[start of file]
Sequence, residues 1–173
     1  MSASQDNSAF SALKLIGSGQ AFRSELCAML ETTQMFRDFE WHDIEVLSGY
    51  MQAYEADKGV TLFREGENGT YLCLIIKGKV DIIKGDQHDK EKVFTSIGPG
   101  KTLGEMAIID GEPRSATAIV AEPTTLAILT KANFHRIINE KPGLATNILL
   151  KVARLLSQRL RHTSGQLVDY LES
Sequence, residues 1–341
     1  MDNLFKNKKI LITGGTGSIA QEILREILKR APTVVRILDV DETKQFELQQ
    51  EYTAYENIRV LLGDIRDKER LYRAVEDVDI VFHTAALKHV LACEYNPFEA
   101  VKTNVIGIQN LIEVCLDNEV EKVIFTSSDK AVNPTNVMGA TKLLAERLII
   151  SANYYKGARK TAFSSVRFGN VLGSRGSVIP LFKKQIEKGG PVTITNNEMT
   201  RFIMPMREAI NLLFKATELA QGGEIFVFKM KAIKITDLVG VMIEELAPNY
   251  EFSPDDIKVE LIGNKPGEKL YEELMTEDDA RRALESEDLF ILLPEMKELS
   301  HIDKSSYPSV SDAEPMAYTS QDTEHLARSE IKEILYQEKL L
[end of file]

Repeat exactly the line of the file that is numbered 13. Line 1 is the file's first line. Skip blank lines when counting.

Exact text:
   301  HIDKSSYPSV SDAEPMAYTS QDTEHLARSE IKEILYQEKL L